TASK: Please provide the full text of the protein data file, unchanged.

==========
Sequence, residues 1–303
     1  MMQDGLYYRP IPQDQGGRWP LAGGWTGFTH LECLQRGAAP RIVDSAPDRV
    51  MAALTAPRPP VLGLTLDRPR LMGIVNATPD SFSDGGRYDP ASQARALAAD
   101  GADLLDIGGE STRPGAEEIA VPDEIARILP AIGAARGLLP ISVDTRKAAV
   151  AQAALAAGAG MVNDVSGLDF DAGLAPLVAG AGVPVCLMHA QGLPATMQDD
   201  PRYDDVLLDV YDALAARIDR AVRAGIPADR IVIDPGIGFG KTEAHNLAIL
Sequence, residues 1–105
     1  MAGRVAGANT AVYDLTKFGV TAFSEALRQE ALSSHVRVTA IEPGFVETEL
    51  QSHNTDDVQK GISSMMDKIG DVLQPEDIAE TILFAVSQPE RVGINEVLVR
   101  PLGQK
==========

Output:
Sequence, residues 1–303
     1  MMQDGLYYRP IPQDQGGRWP LAGGWTGFTH LECLQRGAAP RIVDSAPDRV
    51  MAALTAPRPP VLGLTLDRPR LMGIVNATPD SFSDGGRYDP ASQARALAAD
   101  GADLLDIGGE STRPGAEEIA VPDEIARILP AIGAARGLLP ISVDTRKAAV
   151  AQAALAAGAG MVNDVSGLDF DAGLAPLVAG AGVPVCLMHA QGLPATMQDD
   201  PRYDDVLLDV YDALAARIDR AVRAGIPADR IVIDPGIGFG KTEAHNLAIL
Sequence, residues 1–105
     1  MAGRVAGANT AVYDLTKFGV TAFSEALRQE ALSSHVRVTA IEPGFVETEL
    51  QSHNTDDVQK GISSMMDKIG DVLQPEDIAE TILFAVSQPE RVGINEVLVR
   101  PLGQK